Tuesday, August 21, 2018


For years, simply looking at the chemical composition of methane (CH4) I just assumed that methane could be produced both by rotting garbage as well as by the breakdown of various hydrocarbon solvents all of which by definition consist of hydrogen and carbon. Then as the more I started reading on-line articles about methane the less that seemed plausible because none of the experts even remotely suggested it. The icing on the cake was when a friend and environmental colleague also advised me that methane was most certainly the result of food wastes in municipal garbage breaking down, not from solvents.

So now that I've got that firmly wrapped in my head I inadvertently come across a website www.envirogroup.com in which this company is discussing Special Issues in regards to methane in and around old landfills. Lo and behold there is one sentence which reads "Methane may be a by-product of BTEX degradation." I couldn't find any elaboration or clarifcation on that one sentence. Hunh! BTEX by the way stands for benzene, ethyl benzene, toluene, and xylenes all of which are very common solvents.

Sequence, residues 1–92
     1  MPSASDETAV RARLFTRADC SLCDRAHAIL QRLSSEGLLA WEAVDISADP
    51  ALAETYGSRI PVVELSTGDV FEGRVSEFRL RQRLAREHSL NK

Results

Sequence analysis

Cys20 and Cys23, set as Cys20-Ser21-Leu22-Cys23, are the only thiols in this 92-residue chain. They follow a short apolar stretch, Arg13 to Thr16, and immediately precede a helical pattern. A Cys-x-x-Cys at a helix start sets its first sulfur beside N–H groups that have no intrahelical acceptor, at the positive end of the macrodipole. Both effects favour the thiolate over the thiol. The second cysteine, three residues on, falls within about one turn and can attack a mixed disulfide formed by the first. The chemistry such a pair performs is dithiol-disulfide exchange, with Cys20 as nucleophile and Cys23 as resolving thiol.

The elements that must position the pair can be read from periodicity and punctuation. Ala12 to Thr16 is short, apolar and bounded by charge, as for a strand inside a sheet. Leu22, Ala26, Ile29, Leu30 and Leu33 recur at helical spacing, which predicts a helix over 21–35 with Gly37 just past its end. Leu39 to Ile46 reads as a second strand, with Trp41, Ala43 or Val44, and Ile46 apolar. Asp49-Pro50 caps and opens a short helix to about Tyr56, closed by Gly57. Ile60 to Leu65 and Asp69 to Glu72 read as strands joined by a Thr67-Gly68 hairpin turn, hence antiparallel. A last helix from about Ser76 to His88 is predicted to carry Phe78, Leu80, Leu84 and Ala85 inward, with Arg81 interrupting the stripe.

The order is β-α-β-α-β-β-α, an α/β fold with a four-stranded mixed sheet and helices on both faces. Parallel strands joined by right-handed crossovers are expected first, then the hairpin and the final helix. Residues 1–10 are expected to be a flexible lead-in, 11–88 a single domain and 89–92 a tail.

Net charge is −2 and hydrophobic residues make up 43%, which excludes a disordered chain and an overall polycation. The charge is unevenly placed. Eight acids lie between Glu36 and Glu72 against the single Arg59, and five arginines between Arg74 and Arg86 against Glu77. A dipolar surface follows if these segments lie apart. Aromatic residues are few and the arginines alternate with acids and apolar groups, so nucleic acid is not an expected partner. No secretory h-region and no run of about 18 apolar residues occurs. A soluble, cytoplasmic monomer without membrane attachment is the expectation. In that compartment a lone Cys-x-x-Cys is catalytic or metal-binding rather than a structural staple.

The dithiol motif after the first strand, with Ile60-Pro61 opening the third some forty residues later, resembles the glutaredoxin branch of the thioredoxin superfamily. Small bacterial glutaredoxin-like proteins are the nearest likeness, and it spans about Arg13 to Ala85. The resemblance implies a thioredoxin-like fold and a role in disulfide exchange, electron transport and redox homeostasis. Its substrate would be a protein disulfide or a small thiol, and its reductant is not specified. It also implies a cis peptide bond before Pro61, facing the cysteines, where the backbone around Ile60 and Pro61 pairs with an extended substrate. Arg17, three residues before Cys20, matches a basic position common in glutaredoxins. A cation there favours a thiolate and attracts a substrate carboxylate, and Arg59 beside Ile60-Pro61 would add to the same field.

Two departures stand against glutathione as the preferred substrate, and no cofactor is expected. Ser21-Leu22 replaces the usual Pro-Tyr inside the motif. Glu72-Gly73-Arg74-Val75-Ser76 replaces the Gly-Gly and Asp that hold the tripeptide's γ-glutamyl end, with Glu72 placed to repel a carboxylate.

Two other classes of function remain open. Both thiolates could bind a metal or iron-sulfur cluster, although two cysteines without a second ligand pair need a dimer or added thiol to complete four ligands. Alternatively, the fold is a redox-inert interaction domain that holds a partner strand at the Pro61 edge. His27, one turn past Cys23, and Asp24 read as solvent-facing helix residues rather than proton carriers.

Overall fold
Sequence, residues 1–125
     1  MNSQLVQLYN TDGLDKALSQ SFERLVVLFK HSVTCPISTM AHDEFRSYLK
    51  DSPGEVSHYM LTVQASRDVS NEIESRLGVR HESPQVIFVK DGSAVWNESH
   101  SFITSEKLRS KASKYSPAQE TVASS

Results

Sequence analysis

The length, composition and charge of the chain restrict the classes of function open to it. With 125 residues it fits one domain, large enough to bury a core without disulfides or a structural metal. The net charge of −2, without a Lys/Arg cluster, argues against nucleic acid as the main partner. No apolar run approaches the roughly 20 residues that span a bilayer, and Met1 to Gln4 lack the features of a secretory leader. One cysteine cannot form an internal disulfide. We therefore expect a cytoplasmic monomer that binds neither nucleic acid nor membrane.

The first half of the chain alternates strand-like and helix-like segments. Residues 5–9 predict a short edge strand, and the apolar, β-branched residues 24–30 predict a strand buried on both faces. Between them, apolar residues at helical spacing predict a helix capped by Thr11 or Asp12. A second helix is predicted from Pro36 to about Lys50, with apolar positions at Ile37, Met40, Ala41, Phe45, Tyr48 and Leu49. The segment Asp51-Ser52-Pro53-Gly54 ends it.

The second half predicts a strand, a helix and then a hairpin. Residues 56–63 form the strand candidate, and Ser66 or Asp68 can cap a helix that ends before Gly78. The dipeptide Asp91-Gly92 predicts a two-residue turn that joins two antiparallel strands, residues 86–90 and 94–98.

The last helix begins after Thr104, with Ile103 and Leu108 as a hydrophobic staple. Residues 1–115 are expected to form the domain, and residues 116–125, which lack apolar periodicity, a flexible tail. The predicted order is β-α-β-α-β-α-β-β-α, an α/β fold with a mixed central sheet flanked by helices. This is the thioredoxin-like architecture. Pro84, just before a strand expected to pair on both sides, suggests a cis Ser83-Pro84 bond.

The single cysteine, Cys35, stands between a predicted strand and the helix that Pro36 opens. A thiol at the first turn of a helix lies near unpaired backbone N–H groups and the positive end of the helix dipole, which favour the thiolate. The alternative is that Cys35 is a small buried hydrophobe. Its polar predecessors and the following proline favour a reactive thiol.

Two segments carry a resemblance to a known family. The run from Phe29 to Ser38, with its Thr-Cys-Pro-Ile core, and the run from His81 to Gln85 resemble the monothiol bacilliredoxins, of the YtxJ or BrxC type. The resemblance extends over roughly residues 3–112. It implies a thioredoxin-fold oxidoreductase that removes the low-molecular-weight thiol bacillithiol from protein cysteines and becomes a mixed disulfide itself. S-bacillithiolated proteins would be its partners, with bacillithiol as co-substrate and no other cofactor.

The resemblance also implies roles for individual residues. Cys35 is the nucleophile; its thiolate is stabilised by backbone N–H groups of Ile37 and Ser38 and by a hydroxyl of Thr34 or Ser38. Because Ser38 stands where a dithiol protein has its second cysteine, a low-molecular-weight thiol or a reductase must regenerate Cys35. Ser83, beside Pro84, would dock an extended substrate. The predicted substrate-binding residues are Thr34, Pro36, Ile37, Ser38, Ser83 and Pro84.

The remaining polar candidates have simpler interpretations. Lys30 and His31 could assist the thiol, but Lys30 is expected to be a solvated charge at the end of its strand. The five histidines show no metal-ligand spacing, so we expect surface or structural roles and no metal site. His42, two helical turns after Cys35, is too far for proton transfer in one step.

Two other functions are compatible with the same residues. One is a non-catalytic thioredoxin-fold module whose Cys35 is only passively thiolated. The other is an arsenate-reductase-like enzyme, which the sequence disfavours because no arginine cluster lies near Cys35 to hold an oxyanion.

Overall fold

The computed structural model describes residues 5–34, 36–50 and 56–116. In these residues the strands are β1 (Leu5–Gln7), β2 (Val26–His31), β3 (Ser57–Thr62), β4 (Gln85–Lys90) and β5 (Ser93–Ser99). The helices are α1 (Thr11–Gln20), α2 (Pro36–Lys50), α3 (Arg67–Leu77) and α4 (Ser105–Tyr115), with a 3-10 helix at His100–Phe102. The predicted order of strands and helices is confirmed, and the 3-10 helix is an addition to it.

Sooooo is the high methane readings on the Lot 91 site at the extreme eastern end of Oriole Parkway from the former First St. Landfill separated from Lot 91 by a few feet of Landfill Creek or is the methane from massive dumping of BTEX liquids and their subsequent degradation on the former Varnicolor Chemical site?

Lastly is the ongoing and enduring methane at the Bolender Park Landfill due to purely 100% rotting food stuffs from municipal garbage or is the methane exacerbated by the industrial solvent wastes deposited there by Uniroyal, Varnicolor etc.?

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